In this study, we report the in-hospital mortality, clinical response and radiologic characteristics of cyclophosphamide-treated mechanically ventilated patients with ILD-associated ARF. We found an overall in-hospital mortality rate of 40%. This is in line with the recent case series of Schulze et al. on 14 patients with ILD-associated ARF treated with cyclophosphamide. In this study, cyclophosphamide therapy was associated with a favourable outcome. However, only the minority of patients had non-vasculitis ILD . Compared to previous reports on mixed ILD-associated ARF not treated with cyclophosphamide, we found lower mortality rates (40% vs 62–67%) [1,2,3]. A systematic review, including 50 studies on patients admitted to the intensive care unit (ICU) with ILD-associated ARF, showed overall in-hospital mortality rates in mechanically ventilated patients of 67% in mixed-ILD and 77% in IPF . Consistent with previous studies, we found that CTD-associated ILD and vasculitis were associated with a lower risk of death than other ILDs (20% and 33% vs 57%) [1, 2, 5]. For life-threatening vasculitis, the following treatment strategies are well known and in accordance with current guidelines: glucocorticoids and either cyclophosphamide or rituximab . Reported ICU survival rates amongst patients with vasculitis-associated ARF range from 25 to 50% . For non-vasculitis, ILD data are scarce, and given the poor prognosis, add-on treatments are needed. Our findings might contribute to the awareness of cyclophosphamide as a treatment option for patients with ARF requiring ICU care, particularly in patients with vasculitis-associated ILD and MCTD-ILD.
Patients with IPF were not included in the study since in the participating hospitals, patients with IPF are rarely admitted to the ICU and generally treated with intravenous corticosteroids alone.
Radiologic evaluation through computed tomography (CT) is essential for the characterization and classification of ILD. In a retrospective analysis of 160 patients with ILD admitted to an ICU, analysis of the 76 with CT scans revealed a higher percent of fibrosing ILD among those who did not survive their ICU stay . However, only 12 of the 160 patients were intubated. The CT scan analysis in our study might be used to predict the prognosis in ILD patients with more severe respiratory failure requiring invasive ventilation. Nevertheless, a larger confirmatory study is needed.
One of the most compelling observations of this study is the significantly higher ground-glass opacification (GGO) proportion in non-survivors than in survivors (71% vs 45%, respectively). The greater proportion of GGOs might be associated with more widespread impairment of alveolar and interstitial space and more prominent reduction of the surface for gas exchange. Therefore, the amount of GGO may be useful in predicting severe disease and the need for aggressive therapy. Furthermore, non-survivors had higher reticulation and fibrosis coarseness scores (26 vs 8; 7 vs 1, respectively). This might imply that a poor prognosis in ILD-associated ARF is associated with the initiation of the fibrotic process. The overall extent of disease may not be that significant, since it is partly determined by consolidation, which may be reversible.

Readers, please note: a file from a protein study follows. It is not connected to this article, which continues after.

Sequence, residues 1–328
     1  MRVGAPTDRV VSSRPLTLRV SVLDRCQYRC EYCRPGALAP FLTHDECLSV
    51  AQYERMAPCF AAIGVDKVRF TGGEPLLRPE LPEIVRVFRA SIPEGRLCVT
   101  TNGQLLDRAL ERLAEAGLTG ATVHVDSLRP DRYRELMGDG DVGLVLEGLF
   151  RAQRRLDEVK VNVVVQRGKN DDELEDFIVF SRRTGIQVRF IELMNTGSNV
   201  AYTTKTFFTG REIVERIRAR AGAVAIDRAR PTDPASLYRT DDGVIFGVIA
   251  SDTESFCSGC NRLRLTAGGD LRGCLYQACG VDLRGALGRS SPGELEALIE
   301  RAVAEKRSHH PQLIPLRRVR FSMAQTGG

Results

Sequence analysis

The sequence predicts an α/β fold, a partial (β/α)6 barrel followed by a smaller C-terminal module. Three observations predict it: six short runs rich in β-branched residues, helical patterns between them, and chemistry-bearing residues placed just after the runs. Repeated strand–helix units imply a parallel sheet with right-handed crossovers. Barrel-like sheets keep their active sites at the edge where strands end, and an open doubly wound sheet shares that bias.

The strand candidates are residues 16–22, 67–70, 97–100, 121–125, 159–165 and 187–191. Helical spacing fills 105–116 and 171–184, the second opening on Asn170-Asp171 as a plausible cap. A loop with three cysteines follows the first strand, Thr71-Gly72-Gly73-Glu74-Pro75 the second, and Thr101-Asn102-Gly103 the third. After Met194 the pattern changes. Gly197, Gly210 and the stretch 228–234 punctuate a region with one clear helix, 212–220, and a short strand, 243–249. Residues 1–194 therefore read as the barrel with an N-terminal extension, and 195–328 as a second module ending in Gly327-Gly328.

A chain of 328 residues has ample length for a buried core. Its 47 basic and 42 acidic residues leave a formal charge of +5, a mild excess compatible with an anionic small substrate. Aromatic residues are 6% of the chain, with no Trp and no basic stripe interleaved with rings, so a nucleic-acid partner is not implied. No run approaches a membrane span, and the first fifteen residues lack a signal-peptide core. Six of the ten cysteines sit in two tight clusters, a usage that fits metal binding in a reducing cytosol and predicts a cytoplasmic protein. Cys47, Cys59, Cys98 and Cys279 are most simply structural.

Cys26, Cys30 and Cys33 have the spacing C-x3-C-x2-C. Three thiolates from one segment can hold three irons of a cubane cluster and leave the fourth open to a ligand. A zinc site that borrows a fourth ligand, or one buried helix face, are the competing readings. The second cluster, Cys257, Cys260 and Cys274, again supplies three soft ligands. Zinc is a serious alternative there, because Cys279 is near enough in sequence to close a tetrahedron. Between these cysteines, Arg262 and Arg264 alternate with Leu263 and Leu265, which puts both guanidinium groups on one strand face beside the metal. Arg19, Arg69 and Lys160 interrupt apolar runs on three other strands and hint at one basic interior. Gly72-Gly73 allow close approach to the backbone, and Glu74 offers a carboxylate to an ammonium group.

The P/F ratio might be used to predict mortality in ARDS . In our study, non-survivors have overall lower P/F ratio and Cdyn levels at baseline and 3 days after cyclophosphamide treatment. Given the small sample size, this difference did not reach statistical significance. There was a marked increase in the P/F ratio and Cdyn in survivors after 3 days of cyclophosphamide therapy. In non-survivors, the P/F ratio remained virtually unchanged, and Cdyn actually decreased (Table 3, Fig. 2). As such the P/F ratio and Cdyn could potentially be used to monitor the response to cyclophosphamide. Although P/F ratio and Cdyn seem to improve after methylprednisolone initially (Table 3), these patients were not able to wean from the ventilator or make further improvements after steroid therapy. Furthermore, the median time to respond to cyclophosphamide, defined as extubation or a successful weaning course, was 9 days. This may be useful for clinicians seeking to estimate time to treatment effect.
Cyclophosphamide is a highly potent immunosuppressant that comes with potential toxicities, including haemorrhagic cystitis, bone marrow suppression, increased risk of opportunistic infections, and malignancies . However, the level of toxicity is related to the cumulative dose. In this study, only one cycle of cyclophosphamide was given. No severe adverse events were observed. Given the poor prognosis of ILD-associated ARF, the adverse event profile of cyclophosphamide is considered acceptable .
There are a number of limitations to our study that should be considered when interpreting our findings. First, as our study did not include a control group of untreated patients. Therefore, we cannot determine the impact of cyclophosphamide treatment on mortality in ILD-associated ARF. However, in our study the mortality of patients with ILD related ARF treated with cyclophosphamide was lower than the mortality in historical reports in patients not treated with cyclophosphamide. Second, the small size of our series limits the reliability of the results. Unfortunately, the low prevalence of ILD-associated ARF limits patient studies and data collection. Future studies in larger populations, each including a control group, are needed to confirm our findings.